This wildly inappropriate definition does not in any way describe the dynamic 4-dimensionality of braided rivers and the iconic braidplains they inhabit. Nor does it take into account the hydraulic connection between the active river channels, wetlands, and springs that inhabit the braidplain. And so the conversion of these globally rare ecosystems into agricultural lands continues and braided rivers head slowly towards extinction.

Riverbed, Floodplain or Braidplain: what's the difference? And why does it matter?

“To be effective, conservation efforts in glaciated mountain landscapes intended to benefit the widest variety of organisms need a paradigm shift that has gravel-bed rivers and their floodplains [ie, their braidplains] as the central focus and that prioritizes the maintenance or restoration of the intact structure and processes of these critically important systems throughout their length and breadth.”- Hauet et al, Gravel-bed river floodplains are the ecological nexus of glaciated mountain landscapes Science Advances  24 Jun 2016: 2/6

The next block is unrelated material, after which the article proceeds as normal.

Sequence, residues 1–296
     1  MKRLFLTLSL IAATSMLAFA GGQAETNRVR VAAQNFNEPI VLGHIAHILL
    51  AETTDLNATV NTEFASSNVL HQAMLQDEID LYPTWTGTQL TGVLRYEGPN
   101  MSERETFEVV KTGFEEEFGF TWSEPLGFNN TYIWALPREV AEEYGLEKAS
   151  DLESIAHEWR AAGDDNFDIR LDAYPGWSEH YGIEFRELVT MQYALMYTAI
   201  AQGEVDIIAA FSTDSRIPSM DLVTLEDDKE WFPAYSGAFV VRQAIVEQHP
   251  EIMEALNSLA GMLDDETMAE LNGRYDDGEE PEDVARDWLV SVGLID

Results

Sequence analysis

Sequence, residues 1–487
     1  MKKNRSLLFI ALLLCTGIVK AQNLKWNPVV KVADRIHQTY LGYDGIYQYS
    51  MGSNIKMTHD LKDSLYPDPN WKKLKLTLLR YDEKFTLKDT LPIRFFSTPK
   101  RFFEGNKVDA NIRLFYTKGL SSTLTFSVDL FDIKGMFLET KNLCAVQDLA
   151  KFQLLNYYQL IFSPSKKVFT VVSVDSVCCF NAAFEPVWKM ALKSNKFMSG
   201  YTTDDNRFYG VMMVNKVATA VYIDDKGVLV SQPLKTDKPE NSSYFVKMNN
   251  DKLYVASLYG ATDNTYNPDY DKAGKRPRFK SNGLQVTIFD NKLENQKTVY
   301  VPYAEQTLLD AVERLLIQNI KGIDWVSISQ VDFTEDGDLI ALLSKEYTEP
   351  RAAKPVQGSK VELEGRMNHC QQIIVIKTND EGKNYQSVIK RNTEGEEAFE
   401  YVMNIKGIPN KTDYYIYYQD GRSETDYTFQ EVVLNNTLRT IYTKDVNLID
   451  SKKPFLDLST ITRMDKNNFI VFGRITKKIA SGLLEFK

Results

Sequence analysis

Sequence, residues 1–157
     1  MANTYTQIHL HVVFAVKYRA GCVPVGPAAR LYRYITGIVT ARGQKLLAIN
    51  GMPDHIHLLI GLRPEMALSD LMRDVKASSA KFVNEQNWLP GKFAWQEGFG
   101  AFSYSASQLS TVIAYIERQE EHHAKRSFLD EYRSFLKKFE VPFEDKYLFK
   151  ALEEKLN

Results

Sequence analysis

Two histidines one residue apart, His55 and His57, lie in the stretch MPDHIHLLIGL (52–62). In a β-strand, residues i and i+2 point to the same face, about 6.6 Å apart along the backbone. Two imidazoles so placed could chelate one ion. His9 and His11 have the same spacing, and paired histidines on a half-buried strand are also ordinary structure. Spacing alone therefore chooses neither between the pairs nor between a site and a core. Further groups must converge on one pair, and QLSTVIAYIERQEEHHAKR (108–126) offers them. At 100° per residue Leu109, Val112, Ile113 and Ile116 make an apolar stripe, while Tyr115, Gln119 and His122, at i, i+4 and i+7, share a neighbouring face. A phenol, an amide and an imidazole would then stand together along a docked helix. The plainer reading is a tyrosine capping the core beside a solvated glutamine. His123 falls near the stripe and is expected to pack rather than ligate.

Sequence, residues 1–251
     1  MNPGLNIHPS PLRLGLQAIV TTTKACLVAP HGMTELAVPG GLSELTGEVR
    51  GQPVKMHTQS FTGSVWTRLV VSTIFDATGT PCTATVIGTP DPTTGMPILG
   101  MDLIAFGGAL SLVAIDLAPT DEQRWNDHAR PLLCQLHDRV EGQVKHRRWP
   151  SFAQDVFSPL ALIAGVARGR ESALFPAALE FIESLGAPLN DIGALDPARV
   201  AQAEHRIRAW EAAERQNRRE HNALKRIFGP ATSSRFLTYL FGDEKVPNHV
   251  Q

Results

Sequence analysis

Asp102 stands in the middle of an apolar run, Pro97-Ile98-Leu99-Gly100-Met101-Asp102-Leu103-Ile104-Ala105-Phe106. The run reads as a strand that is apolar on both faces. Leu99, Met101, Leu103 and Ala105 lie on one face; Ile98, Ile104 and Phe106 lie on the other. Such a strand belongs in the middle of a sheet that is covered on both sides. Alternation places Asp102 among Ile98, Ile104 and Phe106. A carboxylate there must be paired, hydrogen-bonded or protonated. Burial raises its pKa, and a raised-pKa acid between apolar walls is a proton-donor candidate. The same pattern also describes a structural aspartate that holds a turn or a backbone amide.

“In summary, river encroachment is the single largest known and quantified threat to braided rivers in Canterbury…. Given the potential ecological risks and considerable uncertainty posed by climate change, there is an increased need to better protect and buffer braided river ecosystems. In practice, this means reducing existing pressures, such as river encroachment, water quality degradation, and exotic plants and animals, to “provide space” for the new pressures associated with climate change on native species. On the ground, this might involve such activities as evaluating the placement of stopbanks, to provide more space for braidplain development, or removal of introduced salmonids from selected high-value native fish habitats.” – Rangitata River Catchment Conservation Values October 2019